I’m returning from Interop in Vegas, fresh from a talk about how to climb the career ladder, “So You Want To Be A CIO”; I thought I’d share a point that resonated with the audience: everybody wants to do cool stuff at work, but: “nobody trusts you to do cool things if you don’t have your act together.”
If you want to do cool stuff, even at a dorky job, here are my suggestions for the top five things you must do.
1. Take Care of The Basics.
Two things: first, nobody gives additional opportunity to someone who clearly isn’t getting the basics of the job done. In the case of a chief information officer, that means ensuring great technology uptime, great customer service, and a high level of cyber security, among other things. But whatever your job is, there are basics. Figure out what they are and take care of them so you’re a standout as someone who’s got it together enough to qualify for more opportunity.
2. Pick Yourself.
One of my favorite Seth Godin blog entries of all time is about the tyranny of being picked, of allowing gatekeepers to dictate your destiny. Godin says, “Once you reject that impulse and realize that no one is going to select you–that Prince Charming has chosen another house–then you can actually get to work.”
Bosses are gatekeepers of a sort, and they are often too busy with their own work issues to think about the next cool thing for you to do. Or, their version of cool might be your version of hell. So, make your own opportunity. Think of the next cool thing for the company and do it. Quit waiting to be picked to do something cool. Organize a posse of work comrades and do something cool together, or just go do it yourself.
3. Quit Being Scared.
Nobody does anything awesome at work unless you (a) step outside of your comfort zone, and (b) take some risks so that you can reap the rewards.
It’s all very well to talk about becoming braver, but actually, besides ”read a book for some advice” (and I do recommend my colleague Bill Treasurer’s book, Courage Goes To Work,, what are you supposed to do?
Well, for starters, figure out what you’re afraid of and mitigate those risks! If you were worried about falling from a trapeze, you’d use a net during practice. If you’re worried about the financial risks of losing your job, how about saving a cash cushion so that you feel better about taking the risks associated with doing something epic?
How about building your professional network now so that if and when you get thrown off of the merry-go-round, you have existing and meaningful relationships to call upon? And finally, back to point #1, create credibility at work for yourself by doing a fantastic job so that when and if you mess up because you took a risk, it will be viewed in the context of “a superstar made a mistake” instead of “Mediocre Mike screwed up again.”
4. Make Friends.
People have masks at work. They don’t share their real selves. It’s part of being scared. It’s part of thinking that you need to be someone that you’re not in order to get the job done.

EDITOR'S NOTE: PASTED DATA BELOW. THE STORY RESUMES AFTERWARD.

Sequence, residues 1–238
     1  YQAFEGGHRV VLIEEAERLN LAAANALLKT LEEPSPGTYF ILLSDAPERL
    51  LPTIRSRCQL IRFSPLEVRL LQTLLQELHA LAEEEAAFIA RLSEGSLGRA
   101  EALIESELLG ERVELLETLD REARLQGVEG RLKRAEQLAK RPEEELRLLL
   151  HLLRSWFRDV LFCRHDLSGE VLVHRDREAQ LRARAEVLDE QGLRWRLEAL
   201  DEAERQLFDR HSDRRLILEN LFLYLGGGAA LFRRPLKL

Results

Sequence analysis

But generally, nothing truly awesome happens at workplaces without some degree of collaboration. And why do people collaborate on non-boring things, something that is risky or aspirational, something that might not work? Generally because they like the people that they’re working with.
So start sharing, be genuine, and make some meaningful relationships both inside and outside of your work group. Get out of the cave. I’m not saying that you need to, er, over-share. And I’m not saying that you need to have relationships that get in the way of work or mutual accountability. And I’m not saying that relationship building at work isn’t hard. It is. It is hard to make time for the attention and nuance that building a relationship requires.
But without genuinely knowing someone, you cannot genuinely trust. And without genuine trust, nothing, repeat nothing cool ever happens at work.
5. Start Being Honest.
Appeasement is a terrible way to get great work done, but it’s a great way to be mediocre.
Quit lying, and stop saying that a work product is good when it’s not. Someone will eventually realize that you lied to them and that will break your trust and harm your credibility with them.
I’m not saying that you should say the equivalent of, “yes, that dress does make you look fat.” But most women would prefer an honest – not stupid – answer to that question.
I actually got into a conversation about that after my session, and the woman I was chatting with said oh my god, yes, of course I want to know if something is unflattering before I go out in public! She just didn’t want to be insulted or humiliated.
This is true at work, too. Good, trusted coworkers want to know when things aren’t good so that they can fix things. But they also don’t want to be insulted or humiliated in the process. Cool work begins with a true assessment of the current state. You can’t get there without honesty that also honors relationships.